As much as people like to think I’m doing a fashion PhD, I’m not. My PhD is about retail but it’s about a very specific type of second-hand retail of baby things, so I can’t say that the conference is directly related to my research. It is however, clearly a major passion of mine and I felt that not only would it be a great networking opportunity to organise my own event, there is also a real need for such an event to bring together academics, industry professionals and other interested parties to discuss the future of ethical fashion. Ethical fashion has certainly gained a huge amount of momentum over the last few years, but there is a long way to go to change the way we make clothes on a mass scale and shop. I’m not expecting instant solutions, but I am hoping the event will at least generate discussion, debate and ideas.

We started out with a thought, to organise a one-day event geared up to postgrads and early career professionals, and things fell into place quite quickly. We put a funding bid into our faculty at the University of Southampton and won enough money to cover speaker expenses on the day. It was a great feeling to have the backing of the faculty and academics within the department. Drawing on our joint contacts we now have a number of speakers lined up for the day (Saturday 9th March 2013). These include Charlie Ross from the Offset Warehouse and Clara Vuletich from the Chelsea College of Art for the morning session, and Dionne Harrison from Impactt and Dr. Kanchana Ruwanpura from the University of Southampton for the afternoon session. In addition, we hope to attract a representative from a major high street retailer to discuss their ethical trade policies.

Rooms are booked, food is ordered and registration is live. If you are a research student we are currently accepting abstracts for posters or talks (email e.j.waight@soton.ac.uk for more info) or if you work in the industry we’d love to share promotional literature with our attendees so feel free to get in contact if you’d like to send us anything.

Registration is £10 which covers lunch and refreshments. Click here to book.

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Fashion’s Dirty Secrets Exhibition by Ms Wandas

As part of the 2012 E17 Art Trail, Ester Freeman, aka Ms Wandas, curated an exhibition of photography showing the dirty secrets of the fashion industry. I popped along in the week to see the images up close and visit the Ms Wandas pop up shop which was raising money for the non-profit organisations that had donated the photographs. If you missed it, you can still see the ten images online and read the stories behind the pictures.

The images were donated by Greenpeace, Traid, Action Aid and Anti-Slavery International. The river in China is polluted by factory waste so hazardous that it peels off skin. There is the story of a young boy, made to work 12 hour shifts in a cotton mill in Tamil Nadu, India with little food and rest. Images of young women in a Sri Lankan factory referenced with quotes such as “The security men in the factory stopped my parents and brothers from visiting me. When I refused to do over time, I got shouted at. It was worse than prison.” Anagha, 20.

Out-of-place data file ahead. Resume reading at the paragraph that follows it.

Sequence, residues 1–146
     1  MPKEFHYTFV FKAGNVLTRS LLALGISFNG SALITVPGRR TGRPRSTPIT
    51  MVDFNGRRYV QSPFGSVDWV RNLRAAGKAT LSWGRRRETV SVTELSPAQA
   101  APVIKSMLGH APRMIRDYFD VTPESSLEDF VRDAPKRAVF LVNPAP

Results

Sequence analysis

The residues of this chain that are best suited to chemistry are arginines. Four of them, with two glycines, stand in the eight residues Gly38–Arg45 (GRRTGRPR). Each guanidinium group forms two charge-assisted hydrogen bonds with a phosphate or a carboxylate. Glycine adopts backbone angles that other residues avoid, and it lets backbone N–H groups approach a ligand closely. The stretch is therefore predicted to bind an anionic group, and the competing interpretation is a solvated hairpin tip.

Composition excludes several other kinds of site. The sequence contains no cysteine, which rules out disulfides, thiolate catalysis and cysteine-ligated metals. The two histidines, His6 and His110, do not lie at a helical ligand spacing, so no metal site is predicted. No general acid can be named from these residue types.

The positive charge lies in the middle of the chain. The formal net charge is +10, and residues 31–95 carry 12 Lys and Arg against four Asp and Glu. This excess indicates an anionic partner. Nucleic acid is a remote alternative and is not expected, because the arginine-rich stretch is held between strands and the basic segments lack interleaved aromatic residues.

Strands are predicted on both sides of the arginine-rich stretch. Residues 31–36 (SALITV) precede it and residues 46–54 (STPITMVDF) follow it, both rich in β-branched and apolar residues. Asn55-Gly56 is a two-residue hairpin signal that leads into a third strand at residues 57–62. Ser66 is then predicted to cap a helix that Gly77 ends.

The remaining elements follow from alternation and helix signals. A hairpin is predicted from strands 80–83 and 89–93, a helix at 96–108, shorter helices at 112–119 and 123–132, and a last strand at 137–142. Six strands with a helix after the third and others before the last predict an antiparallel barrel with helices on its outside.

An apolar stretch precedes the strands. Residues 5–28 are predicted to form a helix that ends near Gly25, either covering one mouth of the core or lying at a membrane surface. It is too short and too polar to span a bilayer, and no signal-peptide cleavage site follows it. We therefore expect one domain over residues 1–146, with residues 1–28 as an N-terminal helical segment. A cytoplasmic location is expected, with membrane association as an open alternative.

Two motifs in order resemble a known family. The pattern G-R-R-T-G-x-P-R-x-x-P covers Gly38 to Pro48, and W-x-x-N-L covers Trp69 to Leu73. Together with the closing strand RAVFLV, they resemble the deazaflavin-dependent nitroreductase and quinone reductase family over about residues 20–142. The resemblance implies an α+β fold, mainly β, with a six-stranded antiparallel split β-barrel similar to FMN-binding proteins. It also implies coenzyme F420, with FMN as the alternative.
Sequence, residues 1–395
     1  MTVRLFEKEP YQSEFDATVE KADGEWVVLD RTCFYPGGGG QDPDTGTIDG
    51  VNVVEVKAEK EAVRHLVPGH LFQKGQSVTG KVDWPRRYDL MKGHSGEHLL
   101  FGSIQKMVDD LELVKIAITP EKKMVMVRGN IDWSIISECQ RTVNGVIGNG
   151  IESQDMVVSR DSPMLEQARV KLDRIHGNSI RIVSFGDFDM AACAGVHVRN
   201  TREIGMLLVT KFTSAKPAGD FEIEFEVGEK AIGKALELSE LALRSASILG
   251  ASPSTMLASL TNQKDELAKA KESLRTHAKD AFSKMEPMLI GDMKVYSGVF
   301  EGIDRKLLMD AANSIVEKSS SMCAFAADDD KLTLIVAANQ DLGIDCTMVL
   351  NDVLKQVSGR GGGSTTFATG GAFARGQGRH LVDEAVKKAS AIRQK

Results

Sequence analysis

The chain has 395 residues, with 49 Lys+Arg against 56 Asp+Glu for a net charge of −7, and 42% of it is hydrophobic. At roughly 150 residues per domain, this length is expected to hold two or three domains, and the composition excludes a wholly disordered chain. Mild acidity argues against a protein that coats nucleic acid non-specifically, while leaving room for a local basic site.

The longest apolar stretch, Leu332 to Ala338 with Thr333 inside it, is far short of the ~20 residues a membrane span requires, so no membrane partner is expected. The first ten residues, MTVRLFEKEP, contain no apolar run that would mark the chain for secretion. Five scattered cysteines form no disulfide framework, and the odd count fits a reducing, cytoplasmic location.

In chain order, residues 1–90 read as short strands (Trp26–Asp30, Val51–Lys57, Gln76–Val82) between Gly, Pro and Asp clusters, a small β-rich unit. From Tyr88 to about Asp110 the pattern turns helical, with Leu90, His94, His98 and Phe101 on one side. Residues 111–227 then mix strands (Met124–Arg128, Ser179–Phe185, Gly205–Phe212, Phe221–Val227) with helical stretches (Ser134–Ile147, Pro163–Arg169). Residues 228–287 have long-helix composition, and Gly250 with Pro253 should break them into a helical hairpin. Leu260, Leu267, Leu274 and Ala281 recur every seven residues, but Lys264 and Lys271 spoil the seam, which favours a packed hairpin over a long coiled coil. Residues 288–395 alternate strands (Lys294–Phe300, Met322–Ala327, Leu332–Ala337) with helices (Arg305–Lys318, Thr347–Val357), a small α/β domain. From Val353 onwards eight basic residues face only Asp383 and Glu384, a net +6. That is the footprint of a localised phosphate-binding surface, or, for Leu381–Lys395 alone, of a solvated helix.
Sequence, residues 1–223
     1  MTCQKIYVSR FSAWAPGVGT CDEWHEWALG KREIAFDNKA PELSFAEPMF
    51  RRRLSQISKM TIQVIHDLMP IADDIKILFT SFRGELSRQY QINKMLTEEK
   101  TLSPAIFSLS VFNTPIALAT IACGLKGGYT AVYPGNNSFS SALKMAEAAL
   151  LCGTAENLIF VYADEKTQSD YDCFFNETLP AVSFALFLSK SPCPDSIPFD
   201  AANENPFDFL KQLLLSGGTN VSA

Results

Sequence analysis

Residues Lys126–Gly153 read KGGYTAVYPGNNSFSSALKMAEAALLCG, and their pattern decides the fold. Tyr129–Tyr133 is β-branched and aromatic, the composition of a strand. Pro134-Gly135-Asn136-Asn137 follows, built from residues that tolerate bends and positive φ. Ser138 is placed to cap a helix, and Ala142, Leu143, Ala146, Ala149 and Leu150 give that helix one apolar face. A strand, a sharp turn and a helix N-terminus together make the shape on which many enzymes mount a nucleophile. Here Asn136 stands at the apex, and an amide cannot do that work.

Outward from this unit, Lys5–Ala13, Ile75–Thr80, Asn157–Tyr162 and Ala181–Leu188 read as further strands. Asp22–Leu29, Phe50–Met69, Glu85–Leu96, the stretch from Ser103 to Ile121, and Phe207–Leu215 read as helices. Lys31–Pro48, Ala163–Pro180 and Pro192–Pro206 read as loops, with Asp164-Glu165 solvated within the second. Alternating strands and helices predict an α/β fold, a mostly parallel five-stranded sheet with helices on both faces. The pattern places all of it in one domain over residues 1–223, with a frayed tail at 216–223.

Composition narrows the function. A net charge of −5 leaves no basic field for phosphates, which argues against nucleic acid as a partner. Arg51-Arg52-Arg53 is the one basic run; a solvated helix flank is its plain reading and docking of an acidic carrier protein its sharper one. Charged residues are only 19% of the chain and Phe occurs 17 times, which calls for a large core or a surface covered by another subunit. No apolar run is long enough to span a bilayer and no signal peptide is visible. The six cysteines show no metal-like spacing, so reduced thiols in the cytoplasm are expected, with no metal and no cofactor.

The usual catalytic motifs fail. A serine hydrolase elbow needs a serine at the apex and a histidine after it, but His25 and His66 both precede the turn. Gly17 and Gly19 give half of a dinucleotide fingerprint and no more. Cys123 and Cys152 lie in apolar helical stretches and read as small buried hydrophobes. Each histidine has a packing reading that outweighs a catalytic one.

Copyright: Qui Bo/Greenpeace

If you would like to see the exhibition in full, there is still time tomorrow evening to join in the fun at the Rose & Crown pub in Walthamstow. As well as the exhibition they’ll be music, drinks, cakes, raffles and more. See the Art Trail website for more info.

Copyright: Anti-Slavery

See the images online here

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Fashion Books and Second-hand Kids Clothes

Here are my two latest Oxfam Fashion blog posts.

http://www.oxfam.org.uk/fashion-blog/2012/07/like-a-kid-in-a-charity-shop
http://www.oxfam.org.uk/fashion-blog/2012/08/hunting-for-fashion-and-textiles-books?cid=ScM_TW_Shop

I was inspired to write about second-hand fashion and textile books after finding St CYR Vintage in Camden Stables Market when hunting for London’s best vintage shops. Alongside a beautiful range of vintage clothes they have hundreds of second-hand fashion and textiles books, well worth a look. It was also an opportunity to show off my scrummy 1930s needlecraft book. Take a look at the blog post here.

My July post was closely related to my PhD topic – the sale of second-hand baby clothes, toys and equipment. For the Oxfam post I didn’t go too deeply into the things that I am exploring for the PhD but I will be looking at mother’s emotional attachment to baby things and how the material harbours identities of women as mothers, allowing them to strengthen their role as nurturer and provider. Does consumption aid women’s transition to motherhood? The NCT nearly new sales that I am using as a case study provide a great opportunity to buy and sell second-hand baby things. There will be autumn/winter sales running across the country during October and November.

My sister, nephew and niece feature in this post! Like a kid in a charity shop.

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Goodbye 2011, Hello 2012

Ideally I would have posted this before the New Year, however better late than never, here is my view on where I’m at. It is the first year in a few that I feel pretty content that I know what I’m doing and where I’ll be for the entire year. In Southampton, continuing to work towards my PhD in Retail Geography. I’m six months in to the doctorate, I think its going well but I do tend to live in la la land sometimes, but by the end of the year I should have some preliminary results to share. Some people wonder why I bother with the ethical fashion thing, seeing as I don’t get paid for it and its no longer directly related to my studies (I did an MPhil in ethical fashion). The thing is I cannot imagine not being involved with it, because I love fashion and always have but the current fast fashion industry is simply not sustainable and I can’t sit back and watch something as beautiful as fashion have such negative consequences on the world around us, people and planet. It is a dichotomy that I find fascinating.